Ending Up Nicole Sharp
ou end up this way. Not quite sure of the man standing next to you, the man you sleep next to every night, whose snoring has kept you awake for the last fifty-two years.
You end up this way, embarrassed to smile because during the
early years, you couldn’t afford dental work for yourself, only for your children.
You end up this way, trying to be patient when your grandson
asks you to “say cheese”, as he aims the lens on his fancy phone that stores the pictures in a place you don’t understand. How do you understand this young man who is constantly on that tiny phone that looks like a toy?
My grandson shows me the pictures on a tiny screen. I yearn
to tell him that isn’t me in that picture. It couldn’t possibly be me. Instead, I pat his hand and thank him.
His new wife is with him. She’s blonde, wears nice clothes. Uses
the tips of her painted fingers to pick up something she dropped in the dirt. I want to laugh at her, but don’t. She nervously cheeps like a meek bird and asks me how my husband and I managed to stay together so long?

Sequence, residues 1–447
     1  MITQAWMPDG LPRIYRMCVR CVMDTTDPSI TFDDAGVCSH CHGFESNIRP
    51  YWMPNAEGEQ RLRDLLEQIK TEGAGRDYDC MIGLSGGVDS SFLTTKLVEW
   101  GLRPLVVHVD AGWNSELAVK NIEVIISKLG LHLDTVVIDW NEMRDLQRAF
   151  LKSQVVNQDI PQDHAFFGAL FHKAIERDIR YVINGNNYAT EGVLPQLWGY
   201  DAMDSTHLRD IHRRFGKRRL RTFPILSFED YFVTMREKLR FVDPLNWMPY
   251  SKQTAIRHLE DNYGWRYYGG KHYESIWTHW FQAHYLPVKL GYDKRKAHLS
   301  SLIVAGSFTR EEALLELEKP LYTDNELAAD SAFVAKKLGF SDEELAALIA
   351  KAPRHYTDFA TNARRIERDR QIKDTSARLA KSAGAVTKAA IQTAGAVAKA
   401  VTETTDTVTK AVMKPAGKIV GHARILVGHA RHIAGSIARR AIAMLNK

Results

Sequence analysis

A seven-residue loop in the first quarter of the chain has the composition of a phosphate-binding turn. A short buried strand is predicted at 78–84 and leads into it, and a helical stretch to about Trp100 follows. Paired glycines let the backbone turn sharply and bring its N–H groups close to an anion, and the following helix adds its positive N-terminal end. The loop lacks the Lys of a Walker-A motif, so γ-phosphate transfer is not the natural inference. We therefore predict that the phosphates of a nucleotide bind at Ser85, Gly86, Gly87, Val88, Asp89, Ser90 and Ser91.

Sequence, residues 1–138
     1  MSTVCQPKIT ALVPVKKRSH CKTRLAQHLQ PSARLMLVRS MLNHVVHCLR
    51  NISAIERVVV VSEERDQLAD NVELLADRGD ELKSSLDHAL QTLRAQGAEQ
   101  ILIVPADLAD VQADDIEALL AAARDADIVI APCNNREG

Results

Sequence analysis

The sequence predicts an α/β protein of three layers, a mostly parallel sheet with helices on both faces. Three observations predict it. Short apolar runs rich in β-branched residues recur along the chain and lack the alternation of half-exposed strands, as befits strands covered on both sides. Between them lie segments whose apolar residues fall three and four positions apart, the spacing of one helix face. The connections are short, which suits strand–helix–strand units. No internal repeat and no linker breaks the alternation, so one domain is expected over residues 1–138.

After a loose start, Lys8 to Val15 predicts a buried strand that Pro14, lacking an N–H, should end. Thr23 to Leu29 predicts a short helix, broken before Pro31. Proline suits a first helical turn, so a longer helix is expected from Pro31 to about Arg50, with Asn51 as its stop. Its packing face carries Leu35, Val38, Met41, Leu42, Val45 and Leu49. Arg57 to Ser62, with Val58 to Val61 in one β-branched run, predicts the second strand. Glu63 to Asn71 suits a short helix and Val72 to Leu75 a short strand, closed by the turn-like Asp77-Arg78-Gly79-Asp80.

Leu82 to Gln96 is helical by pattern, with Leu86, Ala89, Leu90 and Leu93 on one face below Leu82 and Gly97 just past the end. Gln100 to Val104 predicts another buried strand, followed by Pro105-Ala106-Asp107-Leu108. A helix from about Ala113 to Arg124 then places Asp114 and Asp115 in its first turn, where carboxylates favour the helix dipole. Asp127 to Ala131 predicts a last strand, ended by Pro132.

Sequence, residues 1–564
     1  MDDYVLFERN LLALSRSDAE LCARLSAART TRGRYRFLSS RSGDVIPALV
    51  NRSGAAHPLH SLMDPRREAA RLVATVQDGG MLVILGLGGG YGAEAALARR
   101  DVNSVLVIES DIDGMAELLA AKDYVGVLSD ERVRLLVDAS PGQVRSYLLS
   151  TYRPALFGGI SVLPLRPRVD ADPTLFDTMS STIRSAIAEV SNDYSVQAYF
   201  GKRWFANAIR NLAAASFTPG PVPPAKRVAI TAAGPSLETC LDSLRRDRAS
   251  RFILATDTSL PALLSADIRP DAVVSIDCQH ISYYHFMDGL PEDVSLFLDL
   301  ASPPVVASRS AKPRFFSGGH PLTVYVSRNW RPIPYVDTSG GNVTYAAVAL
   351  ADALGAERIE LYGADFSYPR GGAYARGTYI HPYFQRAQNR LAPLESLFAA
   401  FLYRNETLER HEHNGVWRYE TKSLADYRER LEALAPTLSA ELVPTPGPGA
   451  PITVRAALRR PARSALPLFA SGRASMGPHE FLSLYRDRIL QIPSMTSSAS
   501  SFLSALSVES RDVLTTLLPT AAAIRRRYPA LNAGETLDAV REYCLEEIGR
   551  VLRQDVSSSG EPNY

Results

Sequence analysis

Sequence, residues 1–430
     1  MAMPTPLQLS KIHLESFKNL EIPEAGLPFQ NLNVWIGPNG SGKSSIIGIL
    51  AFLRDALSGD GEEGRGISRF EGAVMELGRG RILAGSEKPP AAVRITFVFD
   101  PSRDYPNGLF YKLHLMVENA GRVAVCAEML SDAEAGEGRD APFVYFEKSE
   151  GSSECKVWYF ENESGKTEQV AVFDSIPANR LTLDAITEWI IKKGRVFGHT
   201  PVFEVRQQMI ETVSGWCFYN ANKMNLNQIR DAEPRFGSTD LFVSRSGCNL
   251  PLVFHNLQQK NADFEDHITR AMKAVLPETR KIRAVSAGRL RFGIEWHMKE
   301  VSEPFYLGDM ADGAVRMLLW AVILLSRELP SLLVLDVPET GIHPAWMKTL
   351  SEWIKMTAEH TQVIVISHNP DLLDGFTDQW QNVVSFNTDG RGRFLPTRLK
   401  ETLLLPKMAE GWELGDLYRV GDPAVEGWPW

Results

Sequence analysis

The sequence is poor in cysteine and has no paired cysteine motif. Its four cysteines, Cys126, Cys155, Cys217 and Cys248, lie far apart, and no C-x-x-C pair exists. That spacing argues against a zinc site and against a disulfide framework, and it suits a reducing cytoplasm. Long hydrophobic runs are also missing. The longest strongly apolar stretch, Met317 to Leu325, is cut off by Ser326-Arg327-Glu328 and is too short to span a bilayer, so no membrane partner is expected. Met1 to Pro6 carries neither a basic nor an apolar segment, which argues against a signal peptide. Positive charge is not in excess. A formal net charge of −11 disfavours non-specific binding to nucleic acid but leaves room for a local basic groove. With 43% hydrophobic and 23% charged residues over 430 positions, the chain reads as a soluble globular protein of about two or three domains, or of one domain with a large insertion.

How do I tell this perfectly made up girl that it takes a lot of
hard work; that you have to get your hands dirty?
You end up this way; you don’t start out with these intentions.
You end up this way, a stranger among people who call themselves family.
I didn’t start out this way. I didn’t start with this annoying
haunch of my shoulders. The years tried to push me down. The same passing years changed my hair, too. I touch my gray, brittle hair. I didn’t start out this way. 40 • FLARE: The Flagler Review